This is Part 2 of my ongoing series of posts summarizing Bob Murphy’s excellent book Choice: Cooperation, Enterprise, and Human Action. The idea is to popularize and spread the word about Austrian economics and educate the public. Part 1 is here.
So what do we mean when we say economists study “human action”? First, the action must be purposeful behavior; reflex actions do not count, for example. It can even be inaction. Rush fans will recognize the quote: “if you choose not to decide, you still have made a choice.” Right?
Remember yesterday, I said: “Mises thought of economics as a deductive discipline, in which one divines, through analysis and reflection, the fundamentals of why humans act, and derives the necessary logical implications of these fundamentals using a deductive and logical chain of reasoning.” So what can we deduce from purposeful behavior?
Well, some of these are going to seem obvious. But it’s still necessary to state them — because it’s all foundational for what comes in the future.
First, obviously, if there is human action, then there must be a mind behind it. Human action is different from the mindless falling of a rock that we see in physics. Second, the actor must have goals, or preferences, in taking an action.
So far, pretty obvious. Here is another implication that is perhaps less obvious, but is very important: preferences are subjective and not objective. A related concept is that preferences are ordinal and not cardinal.
OK, I’m going to have to explain this one.
Cardinal numbers are “counting numbers” that measure things in units. In the equation 2+2=4, the numbers two and four are cardinal numbers.
“Ordinal” numbers arrange things in a series. Joe is first in line. Chocolate is my 4th favorite flavor of ice cream. (It’s actually my favorite; this is a theoretical discussion!) These preferences can’t be measured in units. I can say chocolate is my fourth favorite flavor, and vanilla is my third favorite. But I can’t measure the difference between these preferences in units. I can’t coherently say I prefer vanilla three times as much as chocolate. More importantly, there is no way to compare, in units, one person’s preference to another’s. You can’t say “Murray likes Buicks twice as much as Joe does.” (You can say Murray is willing to spend twice as much on a Buick as Joe is, but that’s a separate discussion for a separate day.)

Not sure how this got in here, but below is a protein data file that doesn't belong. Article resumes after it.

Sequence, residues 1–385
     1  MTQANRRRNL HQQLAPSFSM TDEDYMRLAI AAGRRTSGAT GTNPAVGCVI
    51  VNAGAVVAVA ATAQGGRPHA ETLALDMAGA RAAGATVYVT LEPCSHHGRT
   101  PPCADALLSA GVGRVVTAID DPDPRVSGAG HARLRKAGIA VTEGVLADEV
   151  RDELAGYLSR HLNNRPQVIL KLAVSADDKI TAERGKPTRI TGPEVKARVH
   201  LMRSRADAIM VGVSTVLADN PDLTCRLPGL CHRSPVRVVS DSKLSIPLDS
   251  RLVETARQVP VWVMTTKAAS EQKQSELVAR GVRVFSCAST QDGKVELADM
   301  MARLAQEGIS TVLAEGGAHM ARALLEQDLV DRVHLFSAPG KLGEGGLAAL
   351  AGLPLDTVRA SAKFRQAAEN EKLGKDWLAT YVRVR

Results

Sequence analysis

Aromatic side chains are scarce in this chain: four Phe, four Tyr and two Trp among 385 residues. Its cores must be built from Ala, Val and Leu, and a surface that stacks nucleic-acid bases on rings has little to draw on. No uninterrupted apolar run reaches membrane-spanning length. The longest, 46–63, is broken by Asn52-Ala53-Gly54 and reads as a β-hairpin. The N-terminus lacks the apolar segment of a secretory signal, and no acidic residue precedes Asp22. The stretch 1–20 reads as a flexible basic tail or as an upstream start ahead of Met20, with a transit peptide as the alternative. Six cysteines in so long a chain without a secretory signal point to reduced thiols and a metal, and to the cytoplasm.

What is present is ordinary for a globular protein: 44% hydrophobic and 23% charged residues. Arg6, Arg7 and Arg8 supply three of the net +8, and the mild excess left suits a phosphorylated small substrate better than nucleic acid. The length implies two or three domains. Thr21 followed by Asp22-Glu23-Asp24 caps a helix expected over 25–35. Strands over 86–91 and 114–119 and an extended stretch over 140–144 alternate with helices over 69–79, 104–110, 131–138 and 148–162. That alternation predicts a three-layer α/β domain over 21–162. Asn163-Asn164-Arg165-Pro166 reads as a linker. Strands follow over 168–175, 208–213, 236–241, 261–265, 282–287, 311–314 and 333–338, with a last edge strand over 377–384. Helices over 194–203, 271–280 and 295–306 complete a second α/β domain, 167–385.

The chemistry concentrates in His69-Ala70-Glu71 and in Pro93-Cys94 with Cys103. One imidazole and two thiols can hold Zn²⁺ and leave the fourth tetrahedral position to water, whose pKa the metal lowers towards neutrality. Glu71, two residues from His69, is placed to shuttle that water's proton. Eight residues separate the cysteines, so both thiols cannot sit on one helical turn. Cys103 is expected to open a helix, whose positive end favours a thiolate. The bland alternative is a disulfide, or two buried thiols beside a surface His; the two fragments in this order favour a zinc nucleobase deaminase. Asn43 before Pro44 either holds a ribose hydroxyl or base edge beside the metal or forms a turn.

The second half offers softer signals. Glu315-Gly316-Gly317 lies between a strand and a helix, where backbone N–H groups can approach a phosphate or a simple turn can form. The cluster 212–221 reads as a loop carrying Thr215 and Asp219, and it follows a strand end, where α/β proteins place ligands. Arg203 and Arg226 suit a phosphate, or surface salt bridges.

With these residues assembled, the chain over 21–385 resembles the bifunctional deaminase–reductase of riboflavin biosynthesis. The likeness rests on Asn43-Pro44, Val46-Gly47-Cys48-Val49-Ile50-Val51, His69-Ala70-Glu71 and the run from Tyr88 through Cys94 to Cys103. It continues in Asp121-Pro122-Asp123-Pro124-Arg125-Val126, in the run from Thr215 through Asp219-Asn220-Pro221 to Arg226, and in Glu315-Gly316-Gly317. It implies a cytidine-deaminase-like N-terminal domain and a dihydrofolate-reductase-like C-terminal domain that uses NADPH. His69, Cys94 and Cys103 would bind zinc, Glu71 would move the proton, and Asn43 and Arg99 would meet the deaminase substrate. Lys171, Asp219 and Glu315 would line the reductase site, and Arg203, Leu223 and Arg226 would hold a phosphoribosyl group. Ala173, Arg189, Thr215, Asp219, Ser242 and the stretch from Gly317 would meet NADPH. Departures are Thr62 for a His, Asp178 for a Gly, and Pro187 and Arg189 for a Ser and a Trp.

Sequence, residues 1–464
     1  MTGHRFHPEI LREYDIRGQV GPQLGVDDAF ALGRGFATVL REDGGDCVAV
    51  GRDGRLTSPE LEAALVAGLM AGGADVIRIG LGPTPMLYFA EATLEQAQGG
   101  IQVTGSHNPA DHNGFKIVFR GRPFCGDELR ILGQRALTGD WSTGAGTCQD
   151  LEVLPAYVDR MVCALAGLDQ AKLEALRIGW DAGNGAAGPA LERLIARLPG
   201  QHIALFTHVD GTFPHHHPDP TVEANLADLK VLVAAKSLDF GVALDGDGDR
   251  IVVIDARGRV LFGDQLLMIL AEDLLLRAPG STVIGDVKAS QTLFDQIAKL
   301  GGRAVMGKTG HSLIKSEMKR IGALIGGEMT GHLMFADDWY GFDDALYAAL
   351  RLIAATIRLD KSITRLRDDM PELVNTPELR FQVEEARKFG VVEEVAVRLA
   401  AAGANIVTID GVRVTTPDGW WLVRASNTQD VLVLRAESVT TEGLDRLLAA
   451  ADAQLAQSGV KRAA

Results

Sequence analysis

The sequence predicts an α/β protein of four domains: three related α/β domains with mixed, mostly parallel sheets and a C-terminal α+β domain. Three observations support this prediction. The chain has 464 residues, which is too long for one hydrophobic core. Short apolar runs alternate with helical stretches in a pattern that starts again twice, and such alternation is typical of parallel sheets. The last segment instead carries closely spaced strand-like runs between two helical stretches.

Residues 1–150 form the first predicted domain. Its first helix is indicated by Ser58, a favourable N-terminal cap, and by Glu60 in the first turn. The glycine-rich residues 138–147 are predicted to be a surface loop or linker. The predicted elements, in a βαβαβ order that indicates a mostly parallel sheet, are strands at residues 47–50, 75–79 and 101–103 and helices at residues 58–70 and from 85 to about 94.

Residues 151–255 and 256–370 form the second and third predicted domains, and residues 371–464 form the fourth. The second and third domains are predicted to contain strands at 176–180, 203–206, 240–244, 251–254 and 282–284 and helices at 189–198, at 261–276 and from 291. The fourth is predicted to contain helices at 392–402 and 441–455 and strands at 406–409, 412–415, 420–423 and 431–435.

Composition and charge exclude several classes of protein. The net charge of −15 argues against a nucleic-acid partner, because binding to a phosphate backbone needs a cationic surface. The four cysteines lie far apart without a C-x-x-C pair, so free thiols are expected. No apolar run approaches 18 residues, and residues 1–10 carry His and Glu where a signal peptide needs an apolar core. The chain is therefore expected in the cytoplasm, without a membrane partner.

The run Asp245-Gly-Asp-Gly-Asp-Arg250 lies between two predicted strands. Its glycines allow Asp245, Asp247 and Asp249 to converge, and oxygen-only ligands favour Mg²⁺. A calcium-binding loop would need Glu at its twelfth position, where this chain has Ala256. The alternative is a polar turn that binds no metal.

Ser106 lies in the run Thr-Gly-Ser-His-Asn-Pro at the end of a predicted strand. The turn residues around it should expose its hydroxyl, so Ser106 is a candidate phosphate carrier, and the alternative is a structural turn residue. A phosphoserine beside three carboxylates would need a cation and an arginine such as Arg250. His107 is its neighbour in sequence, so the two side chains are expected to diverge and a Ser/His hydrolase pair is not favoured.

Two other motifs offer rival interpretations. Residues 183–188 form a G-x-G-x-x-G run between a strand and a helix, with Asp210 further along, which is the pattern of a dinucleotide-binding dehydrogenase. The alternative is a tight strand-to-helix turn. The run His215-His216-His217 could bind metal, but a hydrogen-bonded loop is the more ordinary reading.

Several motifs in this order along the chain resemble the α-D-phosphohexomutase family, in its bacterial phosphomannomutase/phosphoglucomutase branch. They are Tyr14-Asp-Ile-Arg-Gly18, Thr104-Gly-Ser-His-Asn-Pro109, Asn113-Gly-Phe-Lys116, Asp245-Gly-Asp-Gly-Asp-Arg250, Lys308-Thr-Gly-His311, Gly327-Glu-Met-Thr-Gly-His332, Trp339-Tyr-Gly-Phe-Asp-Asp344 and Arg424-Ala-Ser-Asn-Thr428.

The bottom line is: preferences are ordinal and not cardinal. You prefer one good or service to another, but — just like Frank is a better friend to you than Pete — this can’t be expressed in units (cardinal numbers).
Finally, an acting man believes he can influence the future. This is a better way of expressing the concept at issue than saying “man acts rationally” — because the word “rational” is a term that is loaded with connotations not used by Mises. For example, Murphy argues that to Mises, a rain dance is a “rational” act. Why? Because the person doing the dance has a goal (making it rain) and is engaged in action that is directed towards achieving that end.
The fact that we know the action will not accomplish the purpose does not mean the action is not “human action” (or “rational” as Mises uses the term). That’s why I like Murphy’s formulation that the man engaged in “human action” must believe that he can influence the future. This way, we can avoid judgments about whether that action is based on correct information, or whether it actually will achieve the purpose he believes it will achieve.
That summarizes Chapter 2, and is enough for today. Remember, we are still in foundational mode. Tomorrow, we will address the issue of Mises’s economics being an a priori discipline.
UPDATE: Let me say, as I should have at the outset, that any errors in these summaries are mine and not Murphy’s. I am restating his points in my language, and that opens up the possibility of inaccuracy. Should that happen, blame me, not him.